Parasitology, Harold W. Manter Laboratory of


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Published in the Journal of Parasitology (June 1999) 85(3): 534-539. Copyright 1999, the American Society of Parasitologists. Used by permission.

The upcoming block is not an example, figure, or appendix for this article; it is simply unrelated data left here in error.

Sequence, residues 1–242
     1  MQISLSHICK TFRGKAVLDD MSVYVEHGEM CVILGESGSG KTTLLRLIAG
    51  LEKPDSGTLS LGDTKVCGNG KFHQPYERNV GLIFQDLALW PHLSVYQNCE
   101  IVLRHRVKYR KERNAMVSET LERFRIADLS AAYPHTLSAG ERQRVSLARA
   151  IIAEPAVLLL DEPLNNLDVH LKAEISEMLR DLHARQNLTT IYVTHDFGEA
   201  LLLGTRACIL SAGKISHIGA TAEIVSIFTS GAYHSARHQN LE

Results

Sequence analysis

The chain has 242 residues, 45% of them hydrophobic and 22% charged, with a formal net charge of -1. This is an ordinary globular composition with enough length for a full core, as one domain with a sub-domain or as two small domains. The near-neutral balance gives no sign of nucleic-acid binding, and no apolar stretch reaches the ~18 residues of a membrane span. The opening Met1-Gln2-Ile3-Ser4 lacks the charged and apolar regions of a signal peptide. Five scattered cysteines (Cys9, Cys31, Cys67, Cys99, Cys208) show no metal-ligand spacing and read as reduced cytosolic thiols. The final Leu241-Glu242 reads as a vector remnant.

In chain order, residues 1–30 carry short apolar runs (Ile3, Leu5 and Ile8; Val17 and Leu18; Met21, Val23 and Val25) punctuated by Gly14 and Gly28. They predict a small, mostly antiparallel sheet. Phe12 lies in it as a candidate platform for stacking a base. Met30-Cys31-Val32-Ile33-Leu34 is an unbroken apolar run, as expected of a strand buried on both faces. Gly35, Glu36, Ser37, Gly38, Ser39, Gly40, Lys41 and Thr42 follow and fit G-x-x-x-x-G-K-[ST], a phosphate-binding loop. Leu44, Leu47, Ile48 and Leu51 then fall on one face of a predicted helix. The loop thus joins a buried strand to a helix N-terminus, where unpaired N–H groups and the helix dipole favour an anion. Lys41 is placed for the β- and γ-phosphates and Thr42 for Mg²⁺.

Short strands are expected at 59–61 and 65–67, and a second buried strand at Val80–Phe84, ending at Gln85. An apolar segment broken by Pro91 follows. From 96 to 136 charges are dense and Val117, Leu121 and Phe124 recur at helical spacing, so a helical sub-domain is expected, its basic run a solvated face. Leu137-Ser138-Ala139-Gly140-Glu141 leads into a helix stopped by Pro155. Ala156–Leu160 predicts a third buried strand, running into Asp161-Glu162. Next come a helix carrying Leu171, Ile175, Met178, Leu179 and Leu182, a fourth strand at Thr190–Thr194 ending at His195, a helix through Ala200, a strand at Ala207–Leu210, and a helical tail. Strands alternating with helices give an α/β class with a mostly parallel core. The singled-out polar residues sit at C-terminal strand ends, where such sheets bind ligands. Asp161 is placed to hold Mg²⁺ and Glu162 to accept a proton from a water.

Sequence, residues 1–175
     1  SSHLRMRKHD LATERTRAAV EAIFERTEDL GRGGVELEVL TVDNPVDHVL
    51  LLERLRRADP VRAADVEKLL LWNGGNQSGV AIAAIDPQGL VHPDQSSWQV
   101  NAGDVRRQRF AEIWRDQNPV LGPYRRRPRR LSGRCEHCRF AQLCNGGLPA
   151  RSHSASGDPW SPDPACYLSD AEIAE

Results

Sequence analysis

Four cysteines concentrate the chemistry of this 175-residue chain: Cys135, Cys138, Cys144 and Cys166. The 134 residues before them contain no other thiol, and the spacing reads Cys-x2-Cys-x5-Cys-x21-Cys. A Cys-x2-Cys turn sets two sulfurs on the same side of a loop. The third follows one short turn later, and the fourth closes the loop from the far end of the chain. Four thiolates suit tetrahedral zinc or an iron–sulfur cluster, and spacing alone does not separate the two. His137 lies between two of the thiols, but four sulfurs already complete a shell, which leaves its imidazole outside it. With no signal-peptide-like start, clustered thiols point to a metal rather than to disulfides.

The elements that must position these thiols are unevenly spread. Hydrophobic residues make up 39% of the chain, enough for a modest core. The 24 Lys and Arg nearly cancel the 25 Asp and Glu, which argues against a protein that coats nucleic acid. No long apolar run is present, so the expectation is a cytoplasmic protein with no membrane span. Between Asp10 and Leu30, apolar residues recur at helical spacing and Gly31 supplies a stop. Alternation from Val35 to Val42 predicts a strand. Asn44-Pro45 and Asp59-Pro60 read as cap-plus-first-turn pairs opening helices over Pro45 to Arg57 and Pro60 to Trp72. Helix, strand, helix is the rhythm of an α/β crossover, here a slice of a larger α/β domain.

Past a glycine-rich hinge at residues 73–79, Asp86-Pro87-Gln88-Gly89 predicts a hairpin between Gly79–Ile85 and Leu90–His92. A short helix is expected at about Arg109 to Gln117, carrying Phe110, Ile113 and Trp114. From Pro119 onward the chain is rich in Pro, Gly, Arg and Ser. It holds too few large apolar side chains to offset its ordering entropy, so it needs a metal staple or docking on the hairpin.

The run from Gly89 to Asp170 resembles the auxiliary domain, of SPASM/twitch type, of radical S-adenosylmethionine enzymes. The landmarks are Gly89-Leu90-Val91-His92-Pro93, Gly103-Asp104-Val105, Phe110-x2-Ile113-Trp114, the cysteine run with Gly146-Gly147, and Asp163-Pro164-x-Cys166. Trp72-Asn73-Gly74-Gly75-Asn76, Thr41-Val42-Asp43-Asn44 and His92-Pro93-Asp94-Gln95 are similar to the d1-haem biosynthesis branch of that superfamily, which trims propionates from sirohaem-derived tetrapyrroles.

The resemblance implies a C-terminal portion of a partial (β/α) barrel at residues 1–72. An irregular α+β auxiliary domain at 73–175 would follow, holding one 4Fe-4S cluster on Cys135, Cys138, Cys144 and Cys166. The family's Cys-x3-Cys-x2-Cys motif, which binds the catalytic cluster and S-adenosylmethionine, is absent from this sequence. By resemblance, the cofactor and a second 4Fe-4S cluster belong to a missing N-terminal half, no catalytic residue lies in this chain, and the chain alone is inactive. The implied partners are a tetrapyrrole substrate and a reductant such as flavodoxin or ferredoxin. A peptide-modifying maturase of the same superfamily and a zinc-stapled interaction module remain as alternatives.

A new species of tetraphyllidean eucestode inhabiting Urobatis tumbesensis from inshore waters of southeastern Ecuador shares 3 synapomorphies with Rhinebothroides spp.: apical bothridial suckers poorly differentiated from the marginal loculi, internal seminal vesicles, and insertion of the vas deferens dorsally closer to the poral than the aporal end of the cirrus sac. The new species differs from Rhinebothroides spp. by lacking medial bothridial septa and loculi and having symmetrical ovarian arms, and possesses an apparent autapomorphic trait by having the vas deferens tapering to a narrow tube before entering the cirrus sac, extending posteriorly to the posterior end of the cirrus sac where it expands into an external seminal vesicle running ventral to the cirrus sac anteriorly to anterior to the vagina. In Rhinebothroides spp., the vas deferens is expanded into an external seminal vesicle near the insertion into the cirrus sac. As the sister group of Rhinebothroides, we propose a new genus to accommodate the new species. Phylogenetic evaluation of phyllobothriids recently assigned to Anthocephalum shows that they represent a paraphyletic assemblage of species of varying degrees of relatedness to Rhinebothroides spp. and the new species. Uncovering the relationships of the new species and the various species assigned to Anthocephalum permitted reevaluation of character transformations used in previous phylogenetic analysis of Rhinebothroides. Transformation series for 3 characters, previously based on functional outgroup comparisons, changed and a new character, length of cirrus sac, was added. The new phylogenetic analysis differs from the previous hypothesis only in placing R. scorzai as the sister species of R. circularisi + R. venezuelae + R. moralarai rather than of R. freitasi + R. glandularis + R. mclennanae. The occurrence of the sister species of Rhinebothroides in a Pacific Ocean stingray adds additional support to the hypothesis of Pacific origins of South American freshwater stingrays.

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